Uncle Roger's Notebooks of Daily Life
My life is, to me, ripe with frequent challenges, occasional successes, spontaneous laughter, adequate tears, and enough *life* to last me a lifetime. To you, however, it surely seems most pedestrian. And therefore, I recycle the name I used previously and call this my Notebooks of Daily Life. Daily, because it's everyday in nature, ordinary. These conglomeration of events that are my life are of interest to me because I live it, perhaps mildly so to those who are touched by it, and could only be of perverse, morbid curiosity to anyone else. Yet, I offer them here nonetheless. Make of them what you will, and perhaps you can learn from my mistakes.
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Saturday, September 08, 2007
When I was younger, I used to watch Hogan's Heroes. One of the unimportant details I remembered most from the show was the Geneva Convention. I didn't know who was at the convention, but I figured it must have been some pretty powerful people since whenever Colonel Klink tried to do something mean, Colonel Hogan just had to say "Geneva Convention" and Colonel Klink would straighten up and fly right.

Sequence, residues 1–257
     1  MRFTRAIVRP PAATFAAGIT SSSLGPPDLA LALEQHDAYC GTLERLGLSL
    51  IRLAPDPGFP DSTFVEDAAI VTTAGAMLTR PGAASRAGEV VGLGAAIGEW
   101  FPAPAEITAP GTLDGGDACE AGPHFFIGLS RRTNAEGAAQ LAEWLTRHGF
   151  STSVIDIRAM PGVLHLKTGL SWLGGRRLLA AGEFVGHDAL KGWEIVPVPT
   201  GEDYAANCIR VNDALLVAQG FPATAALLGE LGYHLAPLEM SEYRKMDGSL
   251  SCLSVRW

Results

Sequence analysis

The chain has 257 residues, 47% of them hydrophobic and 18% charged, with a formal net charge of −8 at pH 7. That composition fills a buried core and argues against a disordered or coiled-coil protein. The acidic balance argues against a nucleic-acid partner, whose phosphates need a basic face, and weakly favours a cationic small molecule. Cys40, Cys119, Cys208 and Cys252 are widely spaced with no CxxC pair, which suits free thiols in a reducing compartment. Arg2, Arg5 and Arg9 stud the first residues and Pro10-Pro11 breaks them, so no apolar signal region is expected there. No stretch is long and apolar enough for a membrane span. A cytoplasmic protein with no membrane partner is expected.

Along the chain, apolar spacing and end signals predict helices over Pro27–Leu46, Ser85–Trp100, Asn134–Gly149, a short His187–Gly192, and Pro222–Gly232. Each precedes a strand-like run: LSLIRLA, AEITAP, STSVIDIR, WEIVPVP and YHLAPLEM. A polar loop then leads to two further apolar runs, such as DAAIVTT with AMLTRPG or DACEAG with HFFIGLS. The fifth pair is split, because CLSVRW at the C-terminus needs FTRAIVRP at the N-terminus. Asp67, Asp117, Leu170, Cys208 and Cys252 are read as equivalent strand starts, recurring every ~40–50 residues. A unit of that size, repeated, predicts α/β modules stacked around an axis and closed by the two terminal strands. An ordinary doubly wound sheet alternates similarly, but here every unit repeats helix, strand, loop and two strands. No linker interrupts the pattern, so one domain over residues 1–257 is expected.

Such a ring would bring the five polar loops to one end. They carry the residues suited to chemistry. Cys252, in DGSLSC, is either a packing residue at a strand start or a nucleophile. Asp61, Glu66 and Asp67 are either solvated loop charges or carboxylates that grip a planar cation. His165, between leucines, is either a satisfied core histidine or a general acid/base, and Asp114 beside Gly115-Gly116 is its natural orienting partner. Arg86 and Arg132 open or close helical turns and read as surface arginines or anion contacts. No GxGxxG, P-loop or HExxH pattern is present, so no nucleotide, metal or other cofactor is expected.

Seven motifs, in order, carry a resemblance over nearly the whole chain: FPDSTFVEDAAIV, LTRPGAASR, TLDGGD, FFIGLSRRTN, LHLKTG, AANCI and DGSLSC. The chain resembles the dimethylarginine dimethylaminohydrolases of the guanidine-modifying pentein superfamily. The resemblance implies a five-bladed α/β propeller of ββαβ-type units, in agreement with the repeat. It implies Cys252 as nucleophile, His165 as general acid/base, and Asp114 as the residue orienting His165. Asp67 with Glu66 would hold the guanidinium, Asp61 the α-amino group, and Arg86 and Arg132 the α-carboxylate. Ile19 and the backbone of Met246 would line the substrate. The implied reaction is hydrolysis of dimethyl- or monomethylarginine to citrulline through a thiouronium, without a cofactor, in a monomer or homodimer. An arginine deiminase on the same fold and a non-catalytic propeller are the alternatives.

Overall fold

That seemed to me to be pretty impressive -- and pretty important. The Geneva Convention was something special if it could make even the callous Nazis do the right thing. I was very impressed.
Of course, the Geneva Conventions are a set of four treaties that deal primarily with the treatment of non-combatants and prisoners of war. What is sad is that these treaties which, at least in Hollywood, could temper the Nazis, seem to have no effect on our own leaders. Our president, sad as it is, has decided that we, for some unknown reason, don't have to follow those treaties, the earliest of which dates back to 1864 and which we signed in 1882.
It seems to me that we, given our great wealth and power, ought to be setting an example, especially if we want to run around forcing our form of government onto others. If we want other countries to do as we do, then we probably ought to be doing as we want them to do. Bush said that "we expect them to be treated humanely, just like we’ll treat any prisoners of theirs that we capture humanely... If not, the people who mistreat the prisoners will be treated as war criminals."
I would gladly trade our current idiot in chief for Werner Klemperer's Colonel Klink. He was smarter, far more lucid and coherent, and, it seems, both more human and more humane.